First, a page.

A Concrete Effect — Literally — From Any Halt in Highway Funding
Posted at 1:56 p.m. on June 25, 2014
Construction crews work on an overpass along Highway 101 in Novato, Calif., in March 2012. (Justin Sullivan/Getty Images)
Democrats are staying resolutely on message as the Highway Trust Fund heads toward depletion.
At a news conference Wednesday morning, Sen. Barbara Boxer, D-Calif., chairman of the Senate Environment and Public Works Committee, used the almost exactly same phrasing as Finance Committee chairman Sen. Ron Wyden, D- Ore., did a day earlier when he said, “This country is looking at the transportation equivalent of a government shutdown” if Congress doesn’t vote for new a new short-term funding source.
She added, “The crisis begins in July” when federal payments to the states will slow down “due to dangerously low levels in the Highway Trust Fund.”
A Ubiquitous Industry
Before Boxer began her news conference Wednesday with several transportation industry leaders, one of them, Robert Garbini, president of National Ready Mixed Concrete Association, told The Container that the impact of a federal highway funding hiatus would be felt every place in the nation because his $45 billion industry is ubiquitous.
“You can’t go to any small village or town somewhere that a ready mixed concrete truck can’t be reached by,” Garbini said. “There’s a ready mixed plant nearby somewhere within an hour and a half. There’s about 7,000 ready mixed plants around the United States.”
Although some roads may be made of asphalt, “somewhere in the building structure – bridges and culverts and everything else – you’re going to have concrete – so you can’t have an infrastructure without concrete,” he noted.
There are about 2,200 ready mixed companies in the United States with about 150,000 to 160,000 employees – “up from the downturn in 2008 and 2009, thank goodness,” he said. “The industry is recovering, but it’s not as a direct result of anything having to do with infrastructure, unfortunately. We’re creeping up very, very slowly. We need to have this fully-funded, multi-year highway bill in order for the entire economy to get moving again.”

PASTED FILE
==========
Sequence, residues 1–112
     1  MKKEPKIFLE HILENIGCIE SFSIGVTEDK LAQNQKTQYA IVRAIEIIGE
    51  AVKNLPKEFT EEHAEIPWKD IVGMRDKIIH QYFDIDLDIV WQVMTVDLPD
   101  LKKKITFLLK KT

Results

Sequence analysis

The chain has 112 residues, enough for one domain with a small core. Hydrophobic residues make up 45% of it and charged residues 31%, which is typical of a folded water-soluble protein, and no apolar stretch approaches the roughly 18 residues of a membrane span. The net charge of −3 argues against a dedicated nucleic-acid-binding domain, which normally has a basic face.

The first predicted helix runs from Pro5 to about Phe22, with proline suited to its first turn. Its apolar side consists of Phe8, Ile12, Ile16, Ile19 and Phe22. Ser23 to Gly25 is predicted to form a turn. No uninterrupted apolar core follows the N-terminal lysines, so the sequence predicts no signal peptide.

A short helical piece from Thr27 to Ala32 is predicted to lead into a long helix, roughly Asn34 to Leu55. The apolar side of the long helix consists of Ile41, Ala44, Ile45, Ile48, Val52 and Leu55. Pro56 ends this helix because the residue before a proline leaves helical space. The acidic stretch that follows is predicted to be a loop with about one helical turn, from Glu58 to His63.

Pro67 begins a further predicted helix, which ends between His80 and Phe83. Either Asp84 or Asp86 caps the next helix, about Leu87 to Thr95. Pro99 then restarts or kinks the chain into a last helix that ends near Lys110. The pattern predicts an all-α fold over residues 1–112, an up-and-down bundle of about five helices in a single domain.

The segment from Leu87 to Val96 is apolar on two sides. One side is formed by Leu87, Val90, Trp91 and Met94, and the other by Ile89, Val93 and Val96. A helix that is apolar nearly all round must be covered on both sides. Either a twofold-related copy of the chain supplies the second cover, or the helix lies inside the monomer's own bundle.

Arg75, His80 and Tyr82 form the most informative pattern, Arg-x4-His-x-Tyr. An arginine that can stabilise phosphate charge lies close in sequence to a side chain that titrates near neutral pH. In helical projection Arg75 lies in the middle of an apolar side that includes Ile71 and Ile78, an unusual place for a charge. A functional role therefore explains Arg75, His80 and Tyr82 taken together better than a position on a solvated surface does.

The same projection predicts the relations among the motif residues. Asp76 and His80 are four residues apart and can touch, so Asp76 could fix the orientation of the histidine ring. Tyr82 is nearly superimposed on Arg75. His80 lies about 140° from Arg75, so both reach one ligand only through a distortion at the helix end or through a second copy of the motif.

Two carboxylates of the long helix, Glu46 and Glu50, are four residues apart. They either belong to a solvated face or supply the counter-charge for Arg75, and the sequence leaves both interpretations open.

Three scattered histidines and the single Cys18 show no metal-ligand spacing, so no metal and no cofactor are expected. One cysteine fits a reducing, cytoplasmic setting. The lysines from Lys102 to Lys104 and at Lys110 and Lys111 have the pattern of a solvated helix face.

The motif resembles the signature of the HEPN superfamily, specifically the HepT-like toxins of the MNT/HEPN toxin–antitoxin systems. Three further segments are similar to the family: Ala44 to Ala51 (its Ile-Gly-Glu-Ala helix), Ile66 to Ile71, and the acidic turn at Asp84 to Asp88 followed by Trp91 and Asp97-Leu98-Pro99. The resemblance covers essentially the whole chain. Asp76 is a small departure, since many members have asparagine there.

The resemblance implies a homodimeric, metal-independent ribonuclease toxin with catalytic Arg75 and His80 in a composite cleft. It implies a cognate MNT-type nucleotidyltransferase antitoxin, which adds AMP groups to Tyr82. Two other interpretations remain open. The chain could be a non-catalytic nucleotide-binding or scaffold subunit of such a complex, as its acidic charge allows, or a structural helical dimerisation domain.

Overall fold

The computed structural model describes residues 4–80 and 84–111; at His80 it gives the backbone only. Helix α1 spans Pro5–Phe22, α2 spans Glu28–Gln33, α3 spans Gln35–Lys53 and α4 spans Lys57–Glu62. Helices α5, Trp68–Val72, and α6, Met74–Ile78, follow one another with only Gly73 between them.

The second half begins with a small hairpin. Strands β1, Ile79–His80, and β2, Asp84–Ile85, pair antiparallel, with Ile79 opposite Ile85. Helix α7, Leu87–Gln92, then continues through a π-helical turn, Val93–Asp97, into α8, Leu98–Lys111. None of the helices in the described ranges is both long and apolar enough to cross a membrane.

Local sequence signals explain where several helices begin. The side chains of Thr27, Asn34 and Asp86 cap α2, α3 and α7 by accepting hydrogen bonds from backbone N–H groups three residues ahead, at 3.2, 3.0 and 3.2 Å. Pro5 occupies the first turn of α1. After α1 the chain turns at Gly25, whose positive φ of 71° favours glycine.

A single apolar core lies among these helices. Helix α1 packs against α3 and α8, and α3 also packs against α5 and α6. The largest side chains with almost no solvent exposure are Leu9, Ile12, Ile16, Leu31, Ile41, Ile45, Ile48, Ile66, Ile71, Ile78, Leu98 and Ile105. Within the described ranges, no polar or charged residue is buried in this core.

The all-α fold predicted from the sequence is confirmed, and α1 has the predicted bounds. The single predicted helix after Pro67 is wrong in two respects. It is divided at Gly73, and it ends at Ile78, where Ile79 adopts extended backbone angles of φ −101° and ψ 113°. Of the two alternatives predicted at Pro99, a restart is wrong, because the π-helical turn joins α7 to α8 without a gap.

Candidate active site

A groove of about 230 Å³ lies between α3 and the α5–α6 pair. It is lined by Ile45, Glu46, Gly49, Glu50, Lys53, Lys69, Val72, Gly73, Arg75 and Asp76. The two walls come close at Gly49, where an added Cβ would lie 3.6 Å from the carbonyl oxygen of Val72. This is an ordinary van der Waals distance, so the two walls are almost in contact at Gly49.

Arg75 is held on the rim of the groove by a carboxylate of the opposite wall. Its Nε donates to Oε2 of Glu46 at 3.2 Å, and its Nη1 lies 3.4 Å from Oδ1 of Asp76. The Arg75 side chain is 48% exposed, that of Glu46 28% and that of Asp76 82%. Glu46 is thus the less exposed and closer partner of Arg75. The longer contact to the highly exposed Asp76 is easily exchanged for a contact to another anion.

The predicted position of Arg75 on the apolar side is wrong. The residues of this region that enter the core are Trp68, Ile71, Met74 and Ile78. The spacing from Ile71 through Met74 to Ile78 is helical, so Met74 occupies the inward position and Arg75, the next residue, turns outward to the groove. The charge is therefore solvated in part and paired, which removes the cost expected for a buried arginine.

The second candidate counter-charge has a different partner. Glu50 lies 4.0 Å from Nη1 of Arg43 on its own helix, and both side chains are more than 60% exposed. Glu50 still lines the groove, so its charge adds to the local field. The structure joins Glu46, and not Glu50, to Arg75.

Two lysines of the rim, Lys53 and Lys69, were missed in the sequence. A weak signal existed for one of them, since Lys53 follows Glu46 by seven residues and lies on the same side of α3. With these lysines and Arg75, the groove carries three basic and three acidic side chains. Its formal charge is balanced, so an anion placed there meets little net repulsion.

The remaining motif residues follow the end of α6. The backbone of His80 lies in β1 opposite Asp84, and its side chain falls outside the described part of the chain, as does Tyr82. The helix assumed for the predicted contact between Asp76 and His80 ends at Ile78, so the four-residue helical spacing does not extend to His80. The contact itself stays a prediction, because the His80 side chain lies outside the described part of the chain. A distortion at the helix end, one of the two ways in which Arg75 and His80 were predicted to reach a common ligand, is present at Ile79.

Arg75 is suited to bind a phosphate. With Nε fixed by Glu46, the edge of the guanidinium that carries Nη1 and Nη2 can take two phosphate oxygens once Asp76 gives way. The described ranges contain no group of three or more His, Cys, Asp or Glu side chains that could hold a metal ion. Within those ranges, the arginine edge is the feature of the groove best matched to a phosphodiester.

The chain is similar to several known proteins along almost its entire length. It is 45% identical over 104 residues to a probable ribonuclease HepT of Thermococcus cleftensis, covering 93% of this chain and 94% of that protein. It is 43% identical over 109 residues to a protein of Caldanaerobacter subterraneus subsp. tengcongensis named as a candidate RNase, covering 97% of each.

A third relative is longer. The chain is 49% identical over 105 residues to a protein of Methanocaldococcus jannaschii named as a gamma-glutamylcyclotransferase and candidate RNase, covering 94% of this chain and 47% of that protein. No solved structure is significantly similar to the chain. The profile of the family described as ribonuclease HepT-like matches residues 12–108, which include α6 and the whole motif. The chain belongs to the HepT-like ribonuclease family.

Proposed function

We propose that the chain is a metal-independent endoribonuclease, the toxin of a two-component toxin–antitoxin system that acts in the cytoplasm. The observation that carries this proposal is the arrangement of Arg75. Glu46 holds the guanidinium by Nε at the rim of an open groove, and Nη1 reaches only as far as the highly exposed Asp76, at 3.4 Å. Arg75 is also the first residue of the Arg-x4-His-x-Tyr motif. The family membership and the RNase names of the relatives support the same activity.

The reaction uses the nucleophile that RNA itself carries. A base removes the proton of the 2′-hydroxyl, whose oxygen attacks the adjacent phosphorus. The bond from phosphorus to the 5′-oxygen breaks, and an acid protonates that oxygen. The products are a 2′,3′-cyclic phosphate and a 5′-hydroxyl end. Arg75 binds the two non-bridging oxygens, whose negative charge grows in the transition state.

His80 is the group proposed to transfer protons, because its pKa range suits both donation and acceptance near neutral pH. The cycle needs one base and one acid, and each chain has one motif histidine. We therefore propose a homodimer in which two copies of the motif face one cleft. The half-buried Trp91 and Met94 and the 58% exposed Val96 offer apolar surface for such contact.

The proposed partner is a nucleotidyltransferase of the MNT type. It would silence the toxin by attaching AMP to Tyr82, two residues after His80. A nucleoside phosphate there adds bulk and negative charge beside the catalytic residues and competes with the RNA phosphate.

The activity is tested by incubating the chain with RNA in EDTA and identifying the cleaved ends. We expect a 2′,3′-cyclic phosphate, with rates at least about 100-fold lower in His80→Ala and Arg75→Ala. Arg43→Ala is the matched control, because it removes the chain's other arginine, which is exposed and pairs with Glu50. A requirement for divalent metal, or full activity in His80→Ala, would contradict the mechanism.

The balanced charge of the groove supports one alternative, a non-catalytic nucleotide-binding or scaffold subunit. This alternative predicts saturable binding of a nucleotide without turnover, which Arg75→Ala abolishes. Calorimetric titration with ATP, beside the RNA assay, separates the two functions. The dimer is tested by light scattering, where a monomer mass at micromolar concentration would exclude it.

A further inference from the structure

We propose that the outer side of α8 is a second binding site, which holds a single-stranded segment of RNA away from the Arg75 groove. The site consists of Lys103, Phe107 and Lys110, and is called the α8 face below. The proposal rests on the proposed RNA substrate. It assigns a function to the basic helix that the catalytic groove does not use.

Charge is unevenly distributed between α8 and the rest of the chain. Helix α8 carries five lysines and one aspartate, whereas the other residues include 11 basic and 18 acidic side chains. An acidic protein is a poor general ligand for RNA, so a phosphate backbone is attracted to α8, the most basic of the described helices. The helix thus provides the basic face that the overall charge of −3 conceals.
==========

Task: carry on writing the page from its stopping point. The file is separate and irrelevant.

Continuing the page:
He denounced “this whole stop-and-start thing” for federal surface transportation – “fund it for a while and then we have to go through this whole exercise again. The hurt’s already here” due to uncertainty about future federal funding.
Garbini said his industry benefited only “a minor amount” from 2009 Recovery Act, or stimulus. “What you had there was a lot of money that was used for repair, so it was kind of a Band-Aid. It did not really have new projects included in it, so that didn’t mean a whole lot of new ready mixed concrete going in.”
There is a midterm election this November, of course, and polls showed that last year’s government shutdown damaged voters’ views of Republicans. So “government shutdown” could be a useful rhetorical weapon for the Democrats as they seek to hold on to their Senate majority.
But Boxer argued that transportation funding ought to be non-ideological.
She noted that she and the staunchly conservative ranking member of her committee, Louisiana Republican Sen. David Vitter, had been able to agree on a bill to reauthorize surface transportation programs for six years at current funding levels plus inflation.
“If Sen. Vitter and I can act as one,” she said, then “every single committee in the Senate and House can do the same.”